Tuesday, December 9, 2008

Loudon Wainwright w/ Carsie Blanton @ The Iron Horse, Thursday, December 4th, 2008

This past Thursday night, Loudon Wainwright paid a visit to the Iron Horse for the best night of music that I’ve had since I arrived in Pioneer Valley back in late June. Only the Ani Difranco and Hot Tuna shows rival what I saw Thursday night. I forgot to bring my glasses to the show, so I was especially glad that I arrived at the Iron Horse early. I was seated very close to the stage.

Loudon was in fine form, but before I write about his performance, there is the small matter of the genius opening act, a little, curly-haired woman named Carsie Blanton. She got on stage at 7:00 sharp and immediately attracted my attention with her poise, her serious expression, and her outfit, which featured a black, knee-length dress and a red top that hugged her curves and showed off a fair amount of cleavage. None of this would matter much to me (I swear) if the performance had fallen flat. But, not only was her voice as sexy as her appearance, but it was also smart, playful, painful, and jaunty. Her guitar-playing was nimble and assured. So, in terms of song-writing talent and lyricism, she resembled the main act. I sense a lot more psychic and spiritual strength in her than in Loudon, though. If she’s been as abused and mistreated as some of her songs suggest, I can understand how that came to be.

The opening song was, I later learned, called “Belle of the Ball,” a statement of purpose pertaining to the mating ritual. If he can’t see that I’m the you-know-what, he can’t be right for me. The hook was the voice, the careful way it cradled the lyrics, and the skillful, jazzy guitar melody. I don’t know exactly how long Carsie Blanton has been doing this, but within 15 seconds of her performance, I was convinced that she was a pro. Nothing that came next made me think anything less. Next came “Buoy” which was a clever series of unfamiliar similes, then “Money in the Bank,” my favorite song of the set, which she introduced as a song that she’d researched by looking up gambling on Wikipedia. Then came the title track to her CD, “Ain’t So Green” and, the most painful song in her set, “Closer to Him.” “Closer to Him” is about the singer’s attraction to angry, abusive men, and the hard lessons learned by acquaintance with them. By the end of her set, I knew that I would be spending money on her CD and on some demos that she mentioned she’d posted on her website….Now, having listened to both demos and the polished CD (from 2005), I think I prefer the demos.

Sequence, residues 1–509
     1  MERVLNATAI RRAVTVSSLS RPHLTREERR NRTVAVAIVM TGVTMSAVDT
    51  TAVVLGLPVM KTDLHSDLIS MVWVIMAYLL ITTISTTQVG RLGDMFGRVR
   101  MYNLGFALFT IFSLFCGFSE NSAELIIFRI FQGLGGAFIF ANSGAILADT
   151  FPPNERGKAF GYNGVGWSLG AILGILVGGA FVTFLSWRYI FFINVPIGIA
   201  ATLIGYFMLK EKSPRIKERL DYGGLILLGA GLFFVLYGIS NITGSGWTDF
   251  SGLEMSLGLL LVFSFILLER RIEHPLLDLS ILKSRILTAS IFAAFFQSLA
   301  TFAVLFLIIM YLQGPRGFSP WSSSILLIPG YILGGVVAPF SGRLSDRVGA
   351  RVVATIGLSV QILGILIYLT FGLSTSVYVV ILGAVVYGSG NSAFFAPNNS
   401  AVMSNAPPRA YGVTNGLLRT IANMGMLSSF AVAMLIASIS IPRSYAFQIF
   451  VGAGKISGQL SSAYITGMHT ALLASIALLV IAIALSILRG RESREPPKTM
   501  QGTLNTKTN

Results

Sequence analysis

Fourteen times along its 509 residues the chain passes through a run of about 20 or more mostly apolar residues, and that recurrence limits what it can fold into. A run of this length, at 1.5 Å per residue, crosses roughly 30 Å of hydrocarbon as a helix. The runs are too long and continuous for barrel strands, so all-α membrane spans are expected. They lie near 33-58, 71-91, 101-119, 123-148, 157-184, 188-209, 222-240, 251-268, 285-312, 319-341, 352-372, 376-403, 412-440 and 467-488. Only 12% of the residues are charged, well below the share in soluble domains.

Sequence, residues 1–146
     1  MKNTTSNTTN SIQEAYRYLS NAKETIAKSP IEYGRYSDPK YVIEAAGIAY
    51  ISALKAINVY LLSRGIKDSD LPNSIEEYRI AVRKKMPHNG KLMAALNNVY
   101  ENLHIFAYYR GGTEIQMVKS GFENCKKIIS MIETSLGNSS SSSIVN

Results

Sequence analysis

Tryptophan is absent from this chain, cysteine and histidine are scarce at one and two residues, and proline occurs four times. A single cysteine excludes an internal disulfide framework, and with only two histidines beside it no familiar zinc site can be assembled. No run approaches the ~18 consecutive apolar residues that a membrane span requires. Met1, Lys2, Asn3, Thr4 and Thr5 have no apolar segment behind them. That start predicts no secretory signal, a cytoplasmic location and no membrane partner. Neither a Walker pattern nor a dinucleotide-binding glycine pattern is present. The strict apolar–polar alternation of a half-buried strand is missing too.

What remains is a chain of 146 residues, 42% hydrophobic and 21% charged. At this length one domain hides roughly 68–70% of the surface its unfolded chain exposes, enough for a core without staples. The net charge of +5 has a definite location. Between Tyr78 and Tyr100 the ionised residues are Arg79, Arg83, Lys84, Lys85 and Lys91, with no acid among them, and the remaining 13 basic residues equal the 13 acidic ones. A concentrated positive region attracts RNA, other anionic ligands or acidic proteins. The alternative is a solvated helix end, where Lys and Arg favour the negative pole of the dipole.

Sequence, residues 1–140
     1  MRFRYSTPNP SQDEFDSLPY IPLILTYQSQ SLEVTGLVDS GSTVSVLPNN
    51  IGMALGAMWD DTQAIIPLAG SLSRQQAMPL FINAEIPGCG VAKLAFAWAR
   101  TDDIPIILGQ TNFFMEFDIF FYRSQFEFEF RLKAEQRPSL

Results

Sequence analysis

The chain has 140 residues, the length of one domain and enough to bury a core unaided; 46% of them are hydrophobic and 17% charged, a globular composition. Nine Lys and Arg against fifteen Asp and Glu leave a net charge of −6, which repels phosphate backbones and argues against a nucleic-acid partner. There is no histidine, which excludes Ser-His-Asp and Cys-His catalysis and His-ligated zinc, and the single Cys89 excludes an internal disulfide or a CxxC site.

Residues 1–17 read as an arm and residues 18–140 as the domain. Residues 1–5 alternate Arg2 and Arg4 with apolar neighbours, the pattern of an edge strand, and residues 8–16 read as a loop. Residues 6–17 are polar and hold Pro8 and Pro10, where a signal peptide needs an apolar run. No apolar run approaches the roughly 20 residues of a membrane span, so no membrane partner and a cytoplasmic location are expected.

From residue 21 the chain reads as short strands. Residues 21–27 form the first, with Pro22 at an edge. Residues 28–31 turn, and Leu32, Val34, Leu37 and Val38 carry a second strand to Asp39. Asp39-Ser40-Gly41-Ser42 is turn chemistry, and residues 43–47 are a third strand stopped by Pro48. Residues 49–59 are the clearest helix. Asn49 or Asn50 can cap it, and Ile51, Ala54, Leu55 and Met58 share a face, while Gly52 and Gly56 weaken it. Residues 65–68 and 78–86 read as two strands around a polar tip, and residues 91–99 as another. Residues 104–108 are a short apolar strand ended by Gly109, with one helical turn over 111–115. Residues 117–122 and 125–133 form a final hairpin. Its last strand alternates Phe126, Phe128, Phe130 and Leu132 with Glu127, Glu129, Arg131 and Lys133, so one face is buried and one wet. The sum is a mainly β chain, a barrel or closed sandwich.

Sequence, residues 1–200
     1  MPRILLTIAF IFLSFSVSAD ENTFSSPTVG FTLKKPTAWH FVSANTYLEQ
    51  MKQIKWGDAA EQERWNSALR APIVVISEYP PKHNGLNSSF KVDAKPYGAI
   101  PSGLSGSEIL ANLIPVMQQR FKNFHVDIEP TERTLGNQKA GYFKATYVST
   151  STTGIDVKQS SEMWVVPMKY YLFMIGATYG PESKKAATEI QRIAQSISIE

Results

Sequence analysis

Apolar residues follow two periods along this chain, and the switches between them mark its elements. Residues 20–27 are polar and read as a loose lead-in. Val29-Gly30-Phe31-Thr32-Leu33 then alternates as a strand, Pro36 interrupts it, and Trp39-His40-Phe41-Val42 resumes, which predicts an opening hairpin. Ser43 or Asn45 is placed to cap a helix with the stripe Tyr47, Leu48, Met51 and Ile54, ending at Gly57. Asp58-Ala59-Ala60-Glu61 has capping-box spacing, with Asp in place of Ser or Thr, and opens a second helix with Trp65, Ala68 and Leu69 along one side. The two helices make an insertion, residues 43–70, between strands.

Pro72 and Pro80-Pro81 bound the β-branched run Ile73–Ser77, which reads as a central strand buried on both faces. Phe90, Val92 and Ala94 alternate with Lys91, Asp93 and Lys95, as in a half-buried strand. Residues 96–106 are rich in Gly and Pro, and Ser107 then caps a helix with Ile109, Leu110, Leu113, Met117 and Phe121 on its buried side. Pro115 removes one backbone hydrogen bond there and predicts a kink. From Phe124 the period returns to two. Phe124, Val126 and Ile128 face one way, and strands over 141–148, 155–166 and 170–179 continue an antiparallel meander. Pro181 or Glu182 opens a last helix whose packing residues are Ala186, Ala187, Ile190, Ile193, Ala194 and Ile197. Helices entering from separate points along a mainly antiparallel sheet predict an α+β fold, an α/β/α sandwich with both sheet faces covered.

At around 7:45, Loudon Wainwright wandered through the crowded Iron Horse and up on to the stage, to great applause. There was a brief delay as he looked for a place to put his glass of water. First, someone gave him a chair. Then, staff member came up on stage and replaced the chair with a stool. This exchange prompted the performer to laugh and say, “It’s like an Ionesco play—‘The Chair and the Stool!’” From there, he launched into his first song, a charming, upbeat ditty about how much fun it is to cheat on his sweetheart. He played fat chords on the guitar and sang the cheerfully offensive lyrics with a big smile. And away we went.

Like what I remember of the last time I saw Loudon (October of 2001 at the Bottom Line in New York City), this performance was a mixture of old and new material, serious and silly, songs about family and songs about the life of a touring singer-songwriter. His new album is called Recovery (2008) and it consists of rerecorded songs from his first two albums from the early 1970s. He played four or five songs from it, the highlight among them being “Old Friend,” one of the most serious songs I’ve ever heard from him, a song to an old friend about how the friendship has changed: “slap your back I can no longer / I can only shake your hand.” His great autobiographical song, “Westchester County” came second in the set, with its immortal statement of how upper class kids get their kicks: “steal a kiss, cop a feel / off a girl in high heels / we came in our cummerbunds.” Then came a double header of great holiday material, “Thanksgiving” and “Suddenly, It’s Christmas.”

I was impressed by the number of requests he took: “Saw Your Name in the Paper” from the new album, “Red Guitar” on the piano, “White Winos,” “Daddy Take a Nap,” “Daughter,” and maybe one or two others. He announced that the anniversary of his dad’s death was coming up, before performing “A Handful of Dust,” a song his father wrote, and “Surviving Twin,” about his relationship with his father, from the great 2001 album Last Man on Earth. He played two great songs that he wrote for a musical, currently playing in England, about a winning lottery ticket being shared between a black woman and a redneck somewhere in Florida. He played a shattering, painful song about family trauma that was strangely enhanced by the lyrics about his difficulty with playing the piano in any key other than C.

He concluded the performance with a completely straight take on “Have Yourself a Merry Christmas.” I was a bit turned off by that. At the end of the song, he flashed us a big grin and exclaimed, “It’s the new optimism!” It was amusing, I guess, but it still felt like an anticlimactic finish.

I skipped the Chris Smither show Saturday night at the Iron Horse to be with Denise in New York. But this Saturday, I’ll be around to catch The Nields, who putting on a rocking performance at Falcon Ridge this past summer. Expectations are high!

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